With recent news reports about medical records being hacked in a number of hospitals across the state and nation, one cannot help but be concerned about the safety and security of their health records.
At Hopkins County Memorial Hospital, CEO Michael McAndrew said medical records and information data is secure and the hospital's records technology department is constantly on the alert.
“We've never experienced anything like that,” McAndrew said. “Everybody, every business is subject to cyber attacks. We know that and we certainly see it every day.”
The hospital administrator also said he felt the numbers of records maintained by the hospital in no way compares to that held by large hospital corporations such as Community Health Systems, whose data was breeched.
“Somebody would be less likely to come after our organization because we don't have 4.5 million pieces of patient information — to go through all the trouble to find out information on us is not likely,” he said.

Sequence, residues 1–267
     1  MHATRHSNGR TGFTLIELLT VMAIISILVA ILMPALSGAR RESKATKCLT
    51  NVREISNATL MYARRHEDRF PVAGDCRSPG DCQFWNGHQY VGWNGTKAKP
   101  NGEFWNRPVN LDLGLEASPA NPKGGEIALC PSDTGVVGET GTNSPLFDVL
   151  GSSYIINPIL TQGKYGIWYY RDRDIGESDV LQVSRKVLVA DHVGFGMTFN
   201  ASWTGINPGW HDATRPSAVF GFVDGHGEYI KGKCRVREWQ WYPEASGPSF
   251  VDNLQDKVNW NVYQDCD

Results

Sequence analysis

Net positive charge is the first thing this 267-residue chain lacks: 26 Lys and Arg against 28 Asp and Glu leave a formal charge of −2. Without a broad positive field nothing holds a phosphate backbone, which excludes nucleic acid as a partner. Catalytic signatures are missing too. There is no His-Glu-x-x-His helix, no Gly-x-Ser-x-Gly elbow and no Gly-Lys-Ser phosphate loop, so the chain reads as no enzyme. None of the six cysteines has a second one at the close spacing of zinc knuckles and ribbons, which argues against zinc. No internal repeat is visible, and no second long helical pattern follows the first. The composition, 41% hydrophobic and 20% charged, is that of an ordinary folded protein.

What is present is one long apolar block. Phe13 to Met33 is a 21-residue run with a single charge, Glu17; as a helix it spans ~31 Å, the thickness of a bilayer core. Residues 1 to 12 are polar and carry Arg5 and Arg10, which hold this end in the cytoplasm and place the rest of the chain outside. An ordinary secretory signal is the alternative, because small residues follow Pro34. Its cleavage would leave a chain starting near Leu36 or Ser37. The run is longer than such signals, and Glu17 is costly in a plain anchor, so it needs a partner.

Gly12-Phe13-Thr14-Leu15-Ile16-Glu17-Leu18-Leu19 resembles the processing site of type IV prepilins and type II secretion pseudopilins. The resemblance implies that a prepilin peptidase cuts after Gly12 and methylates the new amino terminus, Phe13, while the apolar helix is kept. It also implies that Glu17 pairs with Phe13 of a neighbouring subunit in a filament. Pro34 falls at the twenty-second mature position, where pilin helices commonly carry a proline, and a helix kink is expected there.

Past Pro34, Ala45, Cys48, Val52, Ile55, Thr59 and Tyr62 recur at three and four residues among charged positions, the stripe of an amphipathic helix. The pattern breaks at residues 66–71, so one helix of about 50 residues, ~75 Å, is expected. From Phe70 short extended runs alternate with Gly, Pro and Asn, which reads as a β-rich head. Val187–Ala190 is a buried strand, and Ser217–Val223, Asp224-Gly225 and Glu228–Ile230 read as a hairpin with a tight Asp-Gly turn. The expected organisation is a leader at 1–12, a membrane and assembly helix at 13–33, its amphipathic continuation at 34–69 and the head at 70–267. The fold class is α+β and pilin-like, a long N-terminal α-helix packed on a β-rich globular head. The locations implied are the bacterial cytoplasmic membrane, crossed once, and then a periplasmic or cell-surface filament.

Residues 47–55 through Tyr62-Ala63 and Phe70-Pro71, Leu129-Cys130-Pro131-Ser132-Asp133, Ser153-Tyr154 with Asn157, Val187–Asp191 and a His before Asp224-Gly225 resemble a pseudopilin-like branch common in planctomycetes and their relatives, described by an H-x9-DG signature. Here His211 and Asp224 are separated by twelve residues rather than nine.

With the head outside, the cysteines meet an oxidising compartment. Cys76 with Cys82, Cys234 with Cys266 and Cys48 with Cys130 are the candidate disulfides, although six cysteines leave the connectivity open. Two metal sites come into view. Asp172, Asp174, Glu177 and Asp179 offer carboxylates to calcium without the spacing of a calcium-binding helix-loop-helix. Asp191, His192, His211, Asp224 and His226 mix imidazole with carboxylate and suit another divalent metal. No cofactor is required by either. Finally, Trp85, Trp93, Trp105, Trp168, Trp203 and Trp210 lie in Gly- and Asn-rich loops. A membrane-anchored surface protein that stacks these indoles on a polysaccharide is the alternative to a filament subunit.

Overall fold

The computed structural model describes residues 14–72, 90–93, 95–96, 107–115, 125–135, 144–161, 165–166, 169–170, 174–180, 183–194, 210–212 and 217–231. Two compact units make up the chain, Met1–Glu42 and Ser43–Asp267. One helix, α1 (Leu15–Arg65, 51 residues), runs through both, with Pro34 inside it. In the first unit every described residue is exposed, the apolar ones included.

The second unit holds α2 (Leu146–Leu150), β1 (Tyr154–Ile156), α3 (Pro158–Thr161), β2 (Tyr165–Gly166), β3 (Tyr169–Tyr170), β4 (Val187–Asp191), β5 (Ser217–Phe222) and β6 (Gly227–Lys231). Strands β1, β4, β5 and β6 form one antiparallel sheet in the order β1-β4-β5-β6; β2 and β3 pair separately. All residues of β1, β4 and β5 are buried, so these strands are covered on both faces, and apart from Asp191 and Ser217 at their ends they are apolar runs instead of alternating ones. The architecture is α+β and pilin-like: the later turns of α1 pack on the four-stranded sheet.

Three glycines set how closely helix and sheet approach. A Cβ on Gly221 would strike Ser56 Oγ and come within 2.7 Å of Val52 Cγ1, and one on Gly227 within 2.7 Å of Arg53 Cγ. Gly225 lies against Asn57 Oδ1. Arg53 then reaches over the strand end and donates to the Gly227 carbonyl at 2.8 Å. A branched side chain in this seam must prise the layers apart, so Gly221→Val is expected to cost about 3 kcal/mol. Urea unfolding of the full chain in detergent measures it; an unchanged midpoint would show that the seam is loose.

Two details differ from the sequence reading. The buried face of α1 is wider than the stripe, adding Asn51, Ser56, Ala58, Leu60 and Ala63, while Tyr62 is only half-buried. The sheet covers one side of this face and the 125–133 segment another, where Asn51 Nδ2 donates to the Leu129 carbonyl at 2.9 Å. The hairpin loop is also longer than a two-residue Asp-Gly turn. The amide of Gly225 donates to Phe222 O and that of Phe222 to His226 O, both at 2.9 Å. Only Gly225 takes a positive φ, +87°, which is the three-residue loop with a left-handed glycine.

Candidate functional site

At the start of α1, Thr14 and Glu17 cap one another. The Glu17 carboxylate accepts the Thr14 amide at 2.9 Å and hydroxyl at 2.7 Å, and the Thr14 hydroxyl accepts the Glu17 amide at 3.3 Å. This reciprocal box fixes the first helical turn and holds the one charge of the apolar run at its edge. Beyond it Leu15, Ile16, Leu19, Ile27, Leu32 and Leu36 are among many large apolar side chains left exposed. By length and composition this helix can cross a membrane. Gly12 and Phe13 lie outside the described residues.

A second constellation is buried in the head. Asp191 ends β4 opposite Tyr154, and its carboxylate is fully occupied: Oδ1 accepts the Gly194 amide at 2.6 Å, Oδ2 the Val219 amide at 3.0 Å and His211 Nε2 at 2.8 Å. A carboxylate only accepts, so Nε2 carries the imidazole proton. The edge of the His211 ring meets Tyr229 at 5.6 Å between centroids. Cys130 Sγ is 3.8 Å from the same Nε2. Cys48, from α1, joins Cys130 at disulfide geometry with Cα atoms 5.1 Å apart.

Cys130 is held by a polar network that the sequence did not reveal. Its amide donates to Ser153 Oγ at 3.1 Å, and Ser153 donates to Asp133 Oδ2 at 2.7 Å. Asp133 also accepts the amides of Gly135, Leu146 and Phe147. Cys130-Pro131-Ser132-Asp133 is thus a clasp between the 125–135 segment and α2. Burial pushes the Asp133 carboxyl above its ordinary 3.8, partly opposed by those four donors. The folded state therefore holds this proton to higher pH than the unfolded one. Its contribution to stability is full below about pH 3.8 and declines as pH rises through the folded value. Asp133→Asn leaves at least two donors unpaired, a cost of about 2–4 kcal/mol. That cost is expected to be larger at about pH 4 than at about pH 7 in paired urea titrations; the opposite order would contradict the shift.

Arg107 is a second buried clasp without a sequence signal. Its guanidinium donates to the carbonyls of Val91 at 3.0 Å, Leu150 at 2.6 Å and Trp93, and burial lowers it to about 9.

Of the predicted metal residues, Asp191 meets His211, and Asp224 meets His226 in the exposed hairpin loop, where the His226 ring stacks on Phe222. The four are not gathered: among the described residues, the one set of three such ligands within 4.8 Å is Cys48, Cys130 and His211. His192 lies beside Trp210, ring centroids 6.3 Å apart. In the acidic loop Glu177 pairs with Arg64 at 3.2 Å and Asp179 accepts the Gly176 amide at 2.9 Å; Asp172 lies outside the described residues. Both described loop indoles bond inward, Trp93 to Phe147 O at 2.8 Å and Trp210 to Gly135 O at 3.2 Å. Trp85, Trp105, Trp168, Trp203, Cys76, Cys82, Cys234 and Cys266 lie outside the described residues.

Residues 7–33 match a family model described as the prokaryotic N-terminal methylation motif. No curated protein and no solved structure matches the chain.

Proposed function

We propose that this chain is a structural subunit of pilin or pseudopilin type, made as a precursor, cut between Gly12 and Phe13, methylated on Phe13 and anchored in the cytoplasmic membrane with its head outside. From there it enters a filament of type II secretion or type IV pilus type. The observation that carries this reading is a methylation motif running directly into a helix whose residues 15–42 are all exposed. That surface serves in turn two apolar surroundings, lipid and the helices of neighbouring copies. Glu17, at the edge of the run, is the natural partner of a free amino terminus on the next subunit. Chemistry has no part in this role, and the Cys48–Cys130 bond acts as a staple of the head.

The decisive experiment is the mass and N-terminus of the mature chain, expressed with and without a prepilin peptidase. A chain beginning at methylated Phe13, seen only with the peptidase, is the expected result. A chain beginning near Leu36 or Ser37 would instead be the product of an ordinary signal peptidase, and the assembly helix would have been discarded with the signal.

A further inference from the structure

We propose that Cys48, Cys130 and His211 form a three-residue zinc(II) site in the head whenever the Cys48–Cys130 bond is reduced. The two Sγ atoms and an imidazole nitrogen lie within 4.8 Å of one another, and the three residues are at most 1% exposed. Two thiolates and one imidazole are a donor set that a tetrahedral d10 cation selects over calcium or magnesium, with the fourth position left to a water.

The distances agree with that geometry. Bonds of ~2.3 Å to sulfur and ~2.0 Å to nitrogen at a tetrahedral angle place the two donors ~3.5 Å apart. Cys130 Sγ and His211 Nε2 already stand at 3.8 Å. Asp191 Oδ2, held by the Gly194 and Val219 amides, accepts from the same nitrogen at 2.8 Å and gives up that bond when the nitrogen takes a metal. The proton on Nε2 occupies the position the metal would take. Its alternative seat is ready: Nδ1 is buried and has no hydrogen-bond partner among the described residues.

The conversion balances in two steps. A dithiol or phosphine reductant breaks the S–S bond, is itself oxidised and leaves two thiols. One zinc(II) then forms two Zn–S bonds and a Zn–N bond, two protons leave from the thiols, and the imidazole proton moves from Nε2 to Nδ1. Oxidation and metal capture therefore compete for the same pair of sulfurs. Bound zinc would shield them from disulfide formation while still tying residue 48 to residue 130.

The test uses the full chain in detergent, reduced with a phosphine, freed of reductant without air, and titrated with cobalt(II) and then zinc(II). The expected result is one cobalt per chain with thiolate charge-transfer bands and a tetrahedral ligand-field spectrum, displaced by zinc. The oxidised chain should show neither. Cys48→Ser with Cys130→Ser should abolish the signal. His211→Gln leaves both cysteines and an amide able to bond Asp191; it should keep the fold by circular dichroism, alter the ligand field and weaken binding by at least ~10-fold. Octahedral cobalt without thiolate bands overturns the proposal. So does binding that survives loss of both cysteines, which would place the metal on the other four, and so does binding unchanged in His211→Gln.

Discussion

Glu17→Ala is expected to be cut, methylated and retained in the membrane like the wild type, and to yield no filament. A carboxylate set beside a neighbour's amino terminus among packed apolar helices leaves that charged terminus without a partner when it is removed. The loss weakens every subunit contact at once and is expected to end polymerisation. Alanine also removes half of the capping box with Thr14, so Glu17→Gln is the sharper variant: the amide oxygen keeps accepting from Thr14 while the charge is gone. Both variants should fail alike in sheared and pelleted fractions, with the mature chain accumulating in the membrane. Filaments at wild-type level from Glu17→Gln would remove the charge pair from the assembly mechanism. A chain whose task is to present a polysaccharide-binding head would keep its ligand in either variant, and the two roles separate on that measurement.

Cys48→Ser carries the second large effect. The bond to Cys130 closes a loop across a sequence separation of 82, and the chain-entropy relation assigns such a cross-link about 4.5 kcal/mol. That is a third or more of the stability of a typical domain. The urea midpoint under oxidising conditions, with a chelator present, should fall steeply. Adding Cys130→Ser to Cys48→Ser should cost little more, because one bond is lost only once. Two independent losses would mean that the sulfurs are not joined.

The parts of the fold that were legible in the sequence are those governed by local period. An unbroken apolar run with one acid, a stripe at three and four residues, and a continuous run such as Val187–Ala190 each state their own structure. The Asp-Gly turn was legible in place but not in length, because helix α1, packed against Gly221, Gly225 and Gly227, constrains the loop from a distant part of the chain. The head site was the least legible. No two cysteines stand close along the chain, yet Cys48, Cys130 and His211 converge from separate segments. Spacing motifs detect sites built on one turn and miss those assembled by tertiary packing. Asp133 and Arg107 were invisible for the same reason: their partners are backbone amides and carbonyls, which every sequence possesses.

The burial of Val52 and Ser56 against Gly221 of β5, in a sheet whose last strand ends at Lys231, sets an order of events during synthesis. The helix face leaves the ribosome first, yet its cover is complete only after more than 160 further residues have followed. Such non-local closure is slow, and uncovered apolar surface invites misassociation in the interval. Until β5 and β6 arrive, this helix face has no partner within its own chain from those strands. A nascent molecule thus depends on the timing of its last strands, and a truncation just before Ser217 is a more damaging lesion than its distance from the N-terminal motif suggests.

Part of the routine precaution at Hopkins County Memorial involved keeping all employees educated about these kinds of threats.
“We do take proper procedures, we educate our employees about how to be careful because they do get on the Internet, they do open emails,” McAndrew said. “So, we do everything we can to educate them along those lines.”
Although the hospital feels relatively comfortable with the level of computer network security currently in place, McAndrew said he is planning steps to make that security more secure in the coming year.
“We've also put in the budget for this coming year, starting Oct. 1, an even more advanced cyber security system than we have,” McAndrew said. “I would never tell anybody it could never happen here because I don't think that's realistic. It's less likely to happen here than it is in a lot of other places and we are certainly being prudent in taking the appropriate precautions to make sure it does not happen.”
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